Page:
Climate survey results to come in May

The Campus Climate Survey is not about global warming, the natural environment or sustainability. It is rather about us, the diversity that we bring to Puget Sound and how diversity is perceived by the campus community. Is diversity honored, talked about, awkward or marginalized in our community? The survey, administered once every four years, aims to make Puget Sound an inclusive environment by asking its members direct questions about social diversity issues that are sometimes difficult to discuss meaningfully.
The results of the 2012 survey are expected in May. So far the only statistics analyzed have shown a very low student response rate. The program is thinking of new ways to reach the students like text messages urging students to participate through the email they received. This year the survey is tailored more carefully to our diversity categories.
Kim Bobby, Chief Diversity Officer, found that “last time [in 2006] some populations’ voices were missing entirely.” To counteract the imbalance Bobby individually interviewed volunteering members of the community to share their experiences. These narratives were compiled and presented for presentation the week preceding this year’s survey. This year’s survey has thus included a dialogue box at the end of each question to capture the more qualitative narratives on subjects of diversity and marginalization.
The 2006 survey also found that the campus cares about issues of diversity, with 82% of respondents saying that creating a diverse campus environment at Puget Sound was a moderate or high priority. This result let to the creation of the Diversity Advisory Council (DAC), which has been responsible for many of the diversity related changes and activities around campus.
“I do feel like our campus has been more engaged with issues of difference. If you look at posters on campus there are a lot of programs I don’t know if we had… in 2006,” Bobby pointed out. The doors of Wyatt alone currently post flyers for an LGBT rights activist, international club, a Conversation with Reverend Dr. Parker on Art and Religion, another with Reverend Dr. Webb-Mitchell entitled Beyond Accessibility: moving toward full inclusion in our faith communities, the Black Student Union celebrations of black history month and, of course, a poster for the Campus Climate Survey itself.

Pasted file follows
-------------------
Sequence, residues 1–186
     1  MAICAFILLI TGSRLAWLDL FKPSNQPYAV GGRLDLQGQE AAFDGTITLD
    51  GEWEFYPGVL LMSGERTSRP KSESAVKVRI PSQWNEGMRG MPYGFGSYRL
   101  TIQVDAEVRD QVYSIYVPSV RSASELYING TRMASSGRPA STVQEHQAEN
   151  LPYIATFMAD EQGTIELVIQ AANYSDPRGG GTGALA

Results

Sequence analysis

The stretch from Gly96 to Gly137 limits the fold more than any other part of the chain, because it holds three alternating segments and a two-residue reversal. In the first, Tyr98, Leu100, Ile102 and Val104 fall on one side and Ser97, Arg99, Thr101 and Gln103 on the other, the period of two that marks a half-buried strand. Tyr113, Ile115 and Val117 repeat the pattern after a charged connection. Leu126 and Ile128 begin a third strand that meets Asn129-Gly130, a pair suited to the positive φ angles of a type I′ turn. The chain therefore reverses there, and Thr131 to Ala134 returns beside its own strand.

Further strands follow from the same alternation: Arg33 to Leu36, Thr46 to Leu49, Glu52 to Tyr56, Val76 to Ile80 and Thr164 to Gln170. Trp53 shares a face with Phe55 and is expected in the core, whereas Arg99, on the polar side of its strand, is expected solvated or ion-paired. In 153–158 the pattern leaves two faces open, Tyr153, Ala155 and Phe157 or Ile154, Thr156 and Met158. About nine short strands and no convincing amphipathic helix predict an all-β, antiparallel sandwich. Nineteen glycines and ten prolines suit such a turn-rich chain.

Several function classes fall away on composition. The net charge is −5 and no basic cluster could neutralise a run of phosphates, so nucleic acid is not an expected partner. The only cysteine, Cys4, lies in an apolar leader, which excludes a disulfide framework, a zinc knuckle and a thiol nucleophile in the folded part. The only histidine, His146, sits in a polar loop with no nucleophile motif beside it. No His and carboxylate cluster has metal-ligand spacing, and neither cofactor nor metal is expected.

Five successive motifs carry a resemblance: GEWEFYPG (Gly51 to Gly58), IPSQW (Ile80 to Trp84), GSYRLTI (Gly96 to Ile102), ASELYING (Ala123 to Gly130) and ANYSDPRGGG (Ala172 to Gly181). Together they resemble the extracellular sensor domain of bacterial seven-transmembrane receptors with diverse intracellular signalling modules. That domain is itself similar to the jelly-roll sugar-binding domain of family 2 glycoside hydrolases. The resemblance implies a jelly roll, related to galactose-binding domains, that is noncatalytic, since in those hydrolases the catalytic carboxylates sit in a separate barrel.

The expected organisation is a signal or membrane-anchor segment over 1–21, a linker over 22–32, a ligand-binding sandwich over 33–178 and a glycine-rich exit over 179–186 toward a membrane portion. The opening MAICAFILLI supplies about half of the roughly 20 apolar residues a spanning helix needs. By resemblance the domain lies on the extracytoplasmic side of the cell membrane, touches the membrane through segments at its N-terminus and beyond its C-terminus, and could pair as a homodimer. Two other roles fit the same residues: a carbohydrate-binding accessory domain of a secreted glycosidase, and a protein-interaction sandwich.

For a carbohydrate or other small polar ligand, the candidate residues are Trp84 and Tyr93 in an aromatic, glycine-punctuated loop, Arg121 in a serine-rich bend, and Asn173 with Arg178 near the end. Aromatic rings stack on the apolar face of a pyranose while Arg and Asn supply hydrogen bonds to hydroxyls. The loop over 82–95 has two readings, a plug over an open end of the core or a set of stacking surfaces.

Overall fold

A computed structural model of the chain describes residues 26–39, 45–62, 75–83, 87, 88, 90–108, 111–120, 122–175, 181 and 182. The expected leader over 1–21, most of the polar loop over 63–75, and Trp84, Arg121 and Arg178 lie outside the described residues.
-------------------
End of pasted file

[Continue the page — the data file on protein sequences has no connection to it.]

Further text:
Most recently, the Diversity Advisory Council organized a series of events leading up to the launching of the 2012 Campus Climate Survey.
Professor Geoff Proehl, a member of the DAC, helped to make a vision come true in the week preceding the survey with two plays, readings, and workshops centered around the goal of getting people to acknowledge and talk about insecurities. Hearing Our Stories was an event that combined writings and staged readings about being different. Select narratives, submitted in the 2006 survey, were compiled by Bobby and shared. The idea behind the series of presentations was to get people talking and raise awareness of social diversity issues on our campus. Bobby acknowledges that “Yes, there’s tension, but aren’t we supposed to be a community of higher education, intellectually stimulated, intellectually challenging community? Why when it comes to issues of difference do we hesitate or silence each other?”
Bobby said to be sure to look for more activities like these after the 2012 survey results are in “something to keep the volume up on what we learned about the survey.”
The more opportunity there is for discussion, the more opportunity there is for students to become involved and get their voices heard. On an individual level, actions to make this campus more inclusive are available through panel discussions, voicing opinions during programming, sharing your narrative, serving on committees and taking the Campus Climate Survey.